“Thanks for not bringing up the whole World Golf Hall of Fame thing. You’re the first person that hasn’t asked and I want to thank you for that.” Those were the words of David Graham on The Lesson Tee Show just days before he was named to the 2015 induction class of the World Golf Hall of Fame.

When one thinks of top players from Australia, names like Greg Norman, Adam Scott and Steve Elkington seem to dominate the conversation. The name David Graham is almost never mentioned. Graham has been one of the most unheralded tour players in the game.

Graham’s life was and continues to be about golf. He dropped out of school at age 14 turning professional against the wishes of his father, a World War II veteran and angry man. Graham’s father said he would never speak to his son again were he to turn pro, and kept his word for 10 years. David’s father showed up at the 1970 U.S. Open unannounced walking up to his son on the practice range. By then David’s father was little more than a stranger. After the two had a conversation in the clubhouse Graham sent the man on his way. Years later his sister would write to tell David of his father’s death.

Graham gave himself to golf and was so relentless  “He was very fastidious about his clubs, how they felt, the length, the swingweight,” says Bruce Devlin, a fellow competitor who remains a friend. “He and I would change a full set of irons in the motel room in the night. You get those tiny cigarette lighters — about half of one gets one head off, so five or six of them would get the whole set off.”

David Graham is one of just four players to have won on six continents during his career. The others? Gary Player, Hale Irwin and Bernhard Langer.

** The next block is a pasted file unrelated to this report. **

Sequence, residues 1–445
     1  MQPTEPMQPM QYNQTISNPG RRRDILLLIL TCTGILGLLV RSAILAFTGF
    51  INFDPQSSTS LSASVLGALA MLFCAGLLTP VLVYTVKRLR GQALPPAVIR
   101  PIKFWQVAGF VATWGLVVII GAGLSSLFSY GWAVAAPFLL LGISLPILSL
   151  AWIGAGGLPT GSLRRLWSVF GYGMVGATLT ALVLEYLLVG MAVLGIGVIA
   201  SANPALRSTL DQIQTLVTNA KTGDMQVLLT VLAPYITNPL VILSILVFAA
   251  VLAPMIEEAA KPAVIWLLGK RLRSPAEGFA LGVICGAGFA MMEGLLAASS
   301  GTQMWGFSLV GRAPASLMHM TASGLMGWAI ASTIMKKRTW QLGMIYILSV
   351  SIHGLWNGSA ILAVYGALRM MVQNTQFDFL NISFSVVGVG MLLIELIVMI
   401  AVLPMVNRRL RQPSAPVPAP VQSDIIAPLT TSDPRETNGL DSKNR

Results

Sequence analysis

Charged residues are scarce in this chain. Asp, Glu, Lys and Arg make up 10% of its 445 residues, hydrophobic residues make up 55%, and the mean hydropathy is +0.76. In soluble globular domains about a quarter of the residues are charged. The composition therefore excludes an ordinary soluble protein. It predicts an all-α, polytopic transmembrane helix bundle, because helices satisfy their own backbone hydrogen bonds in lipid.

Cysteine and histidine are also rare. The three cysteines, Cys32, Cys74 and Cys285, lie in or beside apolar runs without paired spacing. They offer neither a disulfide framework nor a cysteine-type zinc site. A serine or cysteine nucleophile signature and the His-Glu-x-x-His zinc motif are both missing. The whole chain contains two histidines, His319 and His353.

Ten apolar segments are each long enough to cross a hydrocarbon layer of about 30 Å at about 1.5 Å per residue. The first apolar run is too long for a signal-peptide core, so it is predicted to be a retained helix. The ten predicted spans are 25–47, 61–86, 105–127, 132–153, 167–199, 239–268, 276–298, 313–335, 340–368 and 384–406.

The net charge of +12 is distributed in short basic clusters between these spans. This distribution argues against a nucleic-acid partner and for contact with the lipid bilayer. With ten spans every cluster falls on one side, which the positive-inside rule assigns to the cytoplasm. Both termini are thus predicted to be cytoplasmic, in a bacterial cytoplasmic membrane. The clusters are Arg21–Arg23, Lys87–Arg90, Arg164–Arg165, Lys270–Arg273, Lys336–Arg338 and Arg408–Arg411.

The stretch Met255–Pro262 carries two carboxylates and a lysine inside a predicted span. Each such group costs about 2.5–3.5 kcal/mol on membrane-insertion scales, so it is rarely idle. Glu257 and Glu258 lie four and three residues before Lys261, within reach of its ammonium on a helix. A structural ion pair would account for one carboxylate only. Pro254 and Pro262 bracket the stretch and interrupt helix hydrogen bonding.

Graham’s  38 wins include the 1979 PGA Championship at Oakland Hills and 1981 United States Open at Merion. Ben Hogan told David that his final round 67 at Merion was one of the finest rounds of golf he’d ever seen. Graham participated on his native Australian teams that won the World Cup (1970) and the Alfred Dunhill Cup (1985 and 1986). Before the World Rankings, in 1981, he was ranked 7th on Mark McCormack’s world golf rankings.

There have been bumps along that are well chronicled.  While he was known as having a sharp tongue it was, (in his opinion), always for the good of the game.

June 27th 2004 during a Champions Tour event. Graham, 58, collapsed while lining up a putt at the Bank of America Championship. It turned out his heart was pumping at only 12% of its normal volume. It was on that day David Graham’s playing career came to an end. Since that time David has continued his stewardship of the game he holds so close in spite of his ongoing heart issues. “Lee (Trevino), and I exercise and play 9 most every day. I’ve been very lucky,” Graham said during our chat on the Lesson Tee Show.

Speculation about his being snubbed from membership came to an end Monday when David Graham was formally inducted into the World Golf Hall of Fame at St. Andrews College in Scotland ahead of this year’s Open Championship.

Congratulations David.